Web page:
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Don’t let history wipe out women’s cinematic footprint

Fourteen years prior to Bigelow’s win, another female director of a feature film was also awarded the golden statuette. In 1996, writer and director Marleen Gorris won the Best Foreign Film category for her feature Antonia’s Line. If we’re talking about firsts, then this is absolutely another one to permanently inscribe upon our memory.

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Claire Denis’s unique genre of uncomfortable horror

Claire Denis masterfully uses discomfort and disturbance to create tension in all her movies, producing her own brand of horror.

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Social Justice Auteur: A Celebration of the Work of Ava DuVernay

Social Justice Auteur: A Celebration of the Work of Ava DuVernay By FF2 Intern Julia Lasker Ava DuVernay is a filmmaker that, in 2020, you need to know. She began creating films in 2010 and since then has become a historic name in the cinematic world. She was the first Black woman to win an […]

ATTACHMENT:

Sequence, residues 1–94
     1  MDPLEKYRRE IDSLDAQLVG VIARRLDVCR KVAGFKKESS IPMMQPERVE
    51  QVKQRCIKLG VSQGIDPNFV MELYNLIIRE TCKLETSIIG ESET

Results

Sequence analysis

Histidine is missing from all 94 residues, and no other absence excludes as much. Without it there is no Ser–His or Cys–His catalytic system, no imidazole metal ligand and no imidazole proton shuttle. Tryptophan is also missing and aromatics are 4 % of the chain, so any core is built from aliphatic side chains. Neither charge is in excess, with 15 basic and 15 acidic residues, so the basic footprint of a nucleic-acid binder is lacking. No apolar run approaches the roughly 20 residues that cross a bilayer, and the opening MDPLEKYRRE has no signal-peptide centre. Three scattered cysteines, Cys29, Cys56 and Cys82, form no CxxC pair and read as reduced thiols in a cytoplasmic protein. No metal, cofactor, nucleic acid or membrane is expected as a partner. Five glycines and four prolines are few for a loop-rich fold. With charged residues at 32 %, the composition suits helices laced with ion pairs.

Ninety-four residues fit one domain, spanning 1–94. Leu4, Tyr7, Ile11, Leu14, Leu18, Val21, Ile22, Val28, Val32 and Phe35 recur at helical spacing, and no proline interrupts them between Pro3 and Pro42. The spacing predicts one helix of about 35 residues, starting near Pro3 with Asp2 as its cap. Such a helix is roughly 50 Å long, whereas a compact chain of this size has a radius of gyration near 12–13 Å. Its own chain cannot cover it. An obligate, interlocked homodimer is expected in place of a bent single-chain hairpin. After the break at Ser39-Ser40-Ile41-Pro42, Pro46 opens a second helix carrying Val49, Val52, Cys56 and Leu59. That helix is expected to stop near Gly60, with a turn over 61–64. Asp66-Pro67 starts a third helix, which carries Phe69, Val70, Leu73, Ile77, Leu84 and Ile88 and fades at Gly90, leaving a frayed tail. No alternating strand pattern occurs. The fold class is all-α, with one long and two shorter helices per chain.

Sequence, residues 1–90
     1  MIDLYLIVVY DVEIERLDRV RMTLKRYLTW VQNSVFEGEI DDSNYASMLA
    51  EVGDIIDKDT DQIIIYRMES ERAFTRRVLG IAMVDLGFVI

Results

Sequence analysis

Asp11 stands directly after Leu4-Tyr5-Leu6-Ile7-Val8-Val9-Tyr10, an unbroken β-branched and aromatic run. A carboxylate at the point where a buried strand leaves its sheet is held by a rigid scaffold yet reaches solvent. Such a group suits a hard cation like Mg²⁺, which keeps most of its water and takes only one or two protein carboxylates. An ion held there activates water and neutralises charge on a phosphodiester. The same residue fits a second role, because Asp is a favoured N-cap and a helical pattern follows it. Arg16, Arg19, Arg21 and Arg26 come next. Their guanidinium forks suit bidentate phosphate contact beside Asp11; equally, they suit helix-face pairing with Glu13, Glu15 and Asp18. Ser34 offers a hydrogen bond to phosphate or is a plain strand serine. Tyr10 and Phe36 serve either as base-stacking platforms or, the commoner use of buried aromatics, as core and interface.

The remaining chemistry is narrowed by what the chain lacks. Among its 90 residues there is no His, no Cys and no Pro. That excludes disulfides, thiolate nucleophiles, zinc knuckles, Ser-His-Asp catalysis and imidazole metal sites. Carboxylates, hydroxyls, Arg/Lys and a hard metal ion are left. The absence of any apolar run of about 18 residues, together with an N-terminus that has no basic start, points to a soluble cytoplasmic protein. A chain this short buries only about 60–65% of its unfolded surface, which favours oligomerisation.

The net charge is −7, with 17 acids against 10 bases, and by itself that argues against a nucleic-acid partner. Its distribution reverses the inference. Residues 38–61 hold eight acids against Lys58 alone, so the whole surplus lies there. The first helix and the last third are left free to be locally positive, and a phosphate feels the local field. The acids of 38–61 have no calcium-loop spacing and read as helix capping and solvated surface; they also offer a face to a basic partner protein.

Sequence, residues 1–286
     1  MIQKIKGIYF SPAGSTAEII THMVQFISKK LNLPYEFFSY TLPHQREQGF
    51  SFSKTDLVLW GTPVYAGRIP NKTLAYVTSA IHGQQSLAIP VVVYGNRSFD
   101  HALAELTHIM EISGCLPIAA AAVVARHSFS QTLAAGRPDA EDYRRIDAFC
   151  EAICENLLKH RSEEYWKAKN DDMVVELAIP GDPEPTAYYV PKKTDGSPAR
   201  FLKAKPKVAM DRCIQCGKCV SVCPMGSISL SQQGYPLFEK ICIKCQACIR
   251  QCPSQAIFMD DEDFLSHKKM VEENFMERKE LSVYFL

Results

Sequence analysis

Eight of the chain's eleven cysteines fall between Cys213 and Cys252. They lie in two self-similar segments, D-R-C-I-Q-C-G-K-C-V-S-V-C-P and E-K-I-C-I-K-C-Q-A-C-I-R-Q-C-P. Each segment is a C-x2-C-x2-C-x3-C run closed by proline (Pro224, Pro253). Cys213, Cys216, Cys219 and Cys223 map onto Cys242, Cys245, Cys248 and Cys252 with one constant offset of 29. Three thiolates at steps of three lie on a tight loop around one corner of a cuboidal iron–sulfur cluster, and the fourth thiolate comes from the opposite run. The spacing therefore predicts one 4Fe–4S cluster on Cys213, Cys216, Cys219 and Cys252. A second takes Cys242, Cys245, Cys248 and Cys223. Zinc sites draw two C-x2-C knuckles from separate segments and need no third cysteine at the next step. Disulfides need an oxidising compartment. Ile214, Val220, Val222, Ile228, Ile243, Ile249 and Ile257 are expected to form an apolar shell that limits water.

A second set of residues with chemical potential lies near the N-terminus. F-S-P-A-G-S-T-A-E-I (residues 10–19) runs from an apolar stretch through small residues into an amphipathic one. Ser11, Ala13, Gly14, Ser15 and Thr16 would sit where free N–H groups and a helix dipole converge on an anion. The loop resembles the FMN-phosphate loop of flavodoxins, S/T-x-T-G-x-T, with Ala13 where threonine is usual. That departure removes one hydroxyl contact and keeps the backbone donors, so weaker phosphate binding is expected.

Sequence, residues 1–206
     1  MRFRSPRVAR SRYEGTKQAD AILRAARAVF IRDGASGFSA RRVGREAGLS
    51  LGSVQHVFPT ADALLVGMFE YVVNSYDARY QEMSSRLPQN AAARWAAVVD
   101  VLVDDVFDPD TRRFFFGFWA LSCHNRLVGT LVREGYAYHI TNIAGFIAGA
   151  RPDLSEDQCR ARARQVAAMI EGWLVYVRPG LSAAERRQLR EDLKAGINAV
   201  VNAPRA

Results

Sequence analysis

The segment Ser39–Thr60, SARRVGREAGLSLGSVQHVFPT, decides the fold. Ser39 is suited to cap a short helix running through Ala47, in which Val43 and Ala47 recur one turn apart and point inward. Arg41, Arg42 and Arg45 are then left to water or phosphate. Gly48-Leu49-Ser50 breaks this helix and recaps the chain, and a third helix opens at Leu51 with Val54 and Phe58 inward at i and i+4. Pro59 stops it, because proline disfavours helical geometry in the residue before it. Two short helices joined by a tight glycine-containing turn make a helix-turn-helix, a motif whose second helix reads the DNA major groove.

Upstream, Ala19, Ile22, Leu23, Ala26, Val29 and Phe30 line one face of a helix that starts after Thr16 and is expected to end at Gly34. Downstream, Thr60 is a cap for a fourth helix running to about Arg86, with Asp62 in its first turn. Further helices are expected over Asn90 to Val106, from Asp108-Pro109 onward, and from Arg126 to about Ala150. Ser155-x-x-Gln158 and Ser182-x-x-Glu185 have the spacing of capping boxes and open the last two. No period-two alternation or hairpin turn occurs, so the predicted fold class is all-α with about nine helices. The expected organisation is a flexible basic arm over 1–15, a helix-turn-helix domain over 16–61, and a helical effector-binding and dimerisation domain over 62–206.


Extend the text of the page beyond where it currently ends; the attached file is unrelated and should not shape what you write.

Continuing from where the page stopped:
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Krane’s Confectionary Shows How Women Police Each Other

TCM will feature films from 12 decades—and representing 44 countries—totaling 100 classic and current titles all created by women. Read more about this here!  Many of us who have made feminism a big part of our lives are aware that women can often police other women just as much as we are all oppressed by men. […]

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Zero Motivation Isn’t Quite Sure What It’s Trying To Say About Israel

TCM will feature films from 12 decades—and representing 44 countries—totaling 100 classic and current titles all created by women. Read more about this here!  The war comedy is an odd genre, considering the subject material it attempts to make humorous. When I’ve see war comedies based on the American military, I’ve often liked or disliked the […]

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A window to another culture: Davaa’s The Cave of the Yellow Dog weaves Mongolian culture into story

With a sparse plot, Davaa’s allows the audience to hone in on the details of a nomadic family’s everyday life in the Mongolian steppes. Through their story, we also learn about Mongolian culture, folklore, religion, as well as the way in which the modern world encroaches upon these elements of nomadic life. Furthermore, through a film such as this, we can learn implicitly; Davaa does not merely tell us about the Mongolian lifestyle, but invites us into the family’s actions while weaving their culture into their speech and thinking. 

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